Considering whether you’re appropriately qualified is undeniably important when applying to any job; in an ideal world, you should to be able to demonstrate competency against all the criteria. But it’s your added value that employers will be most interested in; the combination of your unique qualifications, experience and personal qualities. What is it that you can bring to the role that no one else can? So if you feel the job is right for you but you don’t meet all the essential criteria, don’t let that put you off: be brave, be confident and focus on your overall value.

7. Am I willing to make the changes this role requires?

While the grass may often appear greener, people can generally be quite resistant to change. If the role involves relocating or a longer commute, are you ready to sign up to that? If there’s a huge change to working hours, how will that fit around your family and outside interests? If it’s in a more risky industry, are you prepared to accept the associated insecurity? Even if there aren’t large or obvious changes, it’ll take at least six months of hard graft to learn the ropes; be sure you’re at a point where you can commit to this.

8. Is the company culture a good personal fit for me?

Cultural fit is one of the top reasons our candidates cite when deciding between accepting and declining a job offer. It’s a good idea to find out as much as you can about the organisation. Do they have a reputation for supporting flexible working or career progression? Will their working practices suit your personality and bring out the best in you? Ultimately, you need to respect and believe in the company’s purpose and their way of doing things. Do their values align with yours? There’s no sense in working for an organisation whose practices you find unethical – make sure you would be proud to promote the company’s products or services.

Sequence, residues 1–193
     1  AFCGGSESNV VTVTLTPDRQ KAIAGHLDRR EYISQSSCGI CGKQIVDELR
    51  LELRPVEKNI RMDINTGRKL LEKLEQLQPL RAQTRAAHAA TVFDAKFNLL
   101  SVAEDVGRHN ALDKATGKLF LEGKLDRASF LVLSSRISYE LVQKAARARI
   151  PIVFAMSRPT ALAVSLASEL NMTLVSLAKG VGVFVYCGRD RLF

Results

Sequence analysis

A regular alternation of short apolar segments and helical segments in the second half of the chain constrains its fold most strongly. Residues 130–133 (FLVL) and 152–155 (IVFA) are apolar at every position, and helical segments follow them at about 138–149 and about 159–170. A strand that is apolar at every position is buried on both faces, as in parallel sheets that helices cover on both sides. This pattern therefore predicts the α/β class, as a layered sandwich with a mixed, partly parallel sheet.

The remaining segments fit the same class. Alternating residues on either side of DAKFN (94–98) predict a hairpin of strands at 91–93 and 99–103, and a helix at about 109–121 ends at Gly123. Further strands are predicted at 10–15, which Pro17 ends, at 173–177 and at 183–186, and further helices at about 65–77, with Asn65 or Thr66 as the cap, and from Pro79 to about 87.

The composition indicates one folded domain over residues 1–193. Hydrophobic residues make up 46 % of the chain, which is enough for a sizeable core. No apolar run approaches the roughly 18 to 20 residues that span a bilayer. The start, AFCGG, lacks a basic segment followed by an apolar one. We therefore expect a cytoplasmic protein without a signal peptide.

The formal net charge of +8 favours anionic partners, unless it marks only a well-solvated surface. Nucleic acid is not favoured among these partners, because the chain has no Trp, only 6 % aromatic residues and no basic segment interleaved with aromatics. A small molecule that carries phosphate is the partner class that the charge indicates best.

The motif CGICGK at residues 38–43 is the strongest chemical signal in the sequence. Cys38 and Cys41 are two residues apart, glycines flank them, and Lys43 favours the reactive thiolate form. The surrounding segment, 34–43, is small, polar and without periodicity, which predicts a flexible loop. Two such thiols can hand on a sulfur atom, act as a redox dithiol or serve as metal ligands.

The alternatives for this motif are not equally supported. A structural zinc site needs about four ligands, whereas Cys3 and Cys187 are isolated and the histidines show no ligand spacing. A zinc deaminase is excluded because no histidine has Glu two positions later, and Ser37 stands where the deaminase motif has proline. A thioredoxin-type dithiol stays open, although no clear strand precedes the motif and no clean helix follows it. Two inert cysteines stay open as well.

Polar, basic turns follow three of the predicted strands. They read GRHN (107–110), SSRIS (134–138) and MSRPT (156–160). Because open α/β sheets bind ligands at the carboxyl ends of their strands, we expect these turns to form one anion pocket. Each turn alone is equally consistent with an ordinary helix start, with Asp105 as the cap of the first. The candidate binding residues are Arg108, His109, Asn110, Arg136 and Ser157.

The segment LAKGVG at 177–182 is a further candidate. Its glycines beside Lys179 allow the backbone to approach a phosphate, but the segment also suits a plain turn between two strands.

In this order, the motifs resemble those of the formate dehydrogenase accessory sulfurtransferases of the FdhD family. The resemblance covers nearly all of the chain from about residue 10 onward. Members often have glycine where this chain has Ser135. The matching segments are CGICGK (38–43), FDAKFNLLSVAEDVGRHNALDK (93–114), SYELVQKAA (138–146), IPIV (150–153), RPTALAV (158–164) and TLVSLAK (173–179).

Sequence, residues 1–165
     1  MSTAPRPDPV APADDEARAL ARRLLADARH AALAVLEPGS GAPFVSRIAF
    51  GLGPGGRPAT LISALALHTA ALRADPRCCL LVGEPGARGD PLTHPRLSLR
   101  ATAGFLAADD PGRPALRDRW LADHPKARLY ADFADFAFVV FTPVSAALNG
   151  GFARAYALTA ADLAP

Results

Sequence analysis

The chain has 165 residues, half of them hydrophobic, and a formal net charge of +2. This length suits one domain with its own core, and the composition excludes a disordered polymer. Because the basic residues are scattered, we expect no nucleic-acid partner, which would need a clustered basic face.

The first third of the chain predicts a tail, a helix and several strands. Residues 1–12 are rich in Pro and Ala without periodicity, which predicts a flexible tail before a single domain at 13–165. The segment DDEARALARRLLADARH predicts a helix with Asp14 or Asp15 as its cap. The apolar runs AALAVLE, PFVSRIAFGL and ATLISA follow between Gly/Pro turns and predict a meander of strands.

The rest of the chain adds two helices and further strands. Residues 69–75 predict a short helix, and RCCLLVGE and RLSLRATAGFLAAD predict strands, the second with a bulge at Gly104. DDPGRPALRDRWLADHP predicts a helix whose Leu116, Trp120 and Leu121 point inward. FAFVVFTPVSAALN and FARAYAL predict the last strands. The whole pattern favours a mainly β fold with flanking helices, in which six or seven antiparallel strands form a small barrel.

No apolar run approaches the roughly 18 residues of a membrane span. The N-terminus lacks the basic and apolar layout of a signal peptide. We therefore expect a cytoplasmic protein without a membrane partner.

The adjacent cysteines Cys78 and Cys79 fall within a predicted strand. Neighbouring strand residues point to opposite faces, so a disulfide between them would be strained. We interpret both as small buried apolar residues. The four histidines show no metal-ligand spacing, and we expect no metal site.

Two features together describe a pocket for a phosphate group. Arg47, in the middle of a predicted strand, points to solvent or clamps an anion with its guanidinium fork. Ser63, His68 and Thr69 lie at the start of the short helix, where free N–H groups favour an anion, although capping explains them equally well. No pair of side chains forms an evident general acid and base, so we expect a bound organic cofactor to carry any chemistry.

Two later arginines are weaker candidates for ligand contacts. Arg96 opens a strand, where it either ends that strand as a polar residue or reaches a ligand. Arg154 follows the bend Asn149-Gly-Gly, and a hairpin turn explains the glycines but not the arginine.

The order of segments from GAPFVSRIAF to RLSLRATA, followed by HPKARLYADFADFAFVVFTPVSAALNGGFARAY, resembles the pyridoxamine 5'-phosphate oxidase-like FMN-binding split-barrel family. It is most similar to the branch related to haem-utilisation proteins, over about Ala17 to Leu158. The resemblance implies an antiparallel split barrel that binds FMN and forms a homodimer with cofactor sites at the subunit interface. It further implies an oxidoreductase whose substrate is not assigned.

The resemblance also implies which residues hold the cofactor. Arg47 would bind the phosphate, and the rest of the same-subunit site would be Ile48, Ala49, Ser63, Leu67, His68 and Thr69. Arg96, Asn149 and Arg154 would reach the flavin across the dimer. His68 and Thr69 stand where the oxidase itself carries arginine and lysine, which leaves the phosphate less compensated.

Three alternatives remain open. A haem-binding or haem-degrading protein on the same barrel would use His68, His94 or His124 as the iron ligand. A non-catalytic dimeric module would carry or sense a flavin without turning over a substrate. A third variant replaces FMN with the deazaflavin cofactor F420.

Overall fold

Here’s a good article with more on the importance of good cultural fit.

9. Is the remuneration package right for me?

A new job doesn’t have to mean a higher salary or even a matched one; you should consider the overall benefits package. Are you willing to take a lower salary if the role offers more annual leave or private healthcare, for example? Do they provide a competitive pension scheme, salary sacrifice options or support for training and conference attendance? You might have an opportunity to gain essential experience that will open doors for you in the future. Perhaps you’d also be content to work for a lower salary if there’s the added motivation to earn bonuses.

10. What do my CV and online profiles say about me?

Once you’re sure that you’re ready to apply, ask yourself whether your CV and online social profiles reflect the image that you want to portray. Can you add anything to your LinkedIn profile – request some fresh recommendations perhaps? Have you got the right privacy settings on your personal Facebook account? Have you tweaked your CV so that it’s relevant to the industry and specification of the role you want to apply to? Prospective employers will look at your CV and social profiles before they even shortlist you, so make sure they are professional and up-to-date.

Making the decision to apply for a new job is an exciting one and something that should be embraced, but asking yourself a few questions before you start the process can help to reassure you that you’re ready, be sure that it’s the right move and lead to a lasting and mutually beneficial employer-employee relationship.

Ita and I know what it’s like to dive into the unknown; when we set up Sitka we took a risk, but it was one we felt passionate about, qualified for and wholly committed to. If you’re ready and keen to make the break to an exciting new role, we’d love to support you. If you work within HR, finance or marketing at management level, please contact us to see how we can help.

To find out how we can work with you, please drop us a line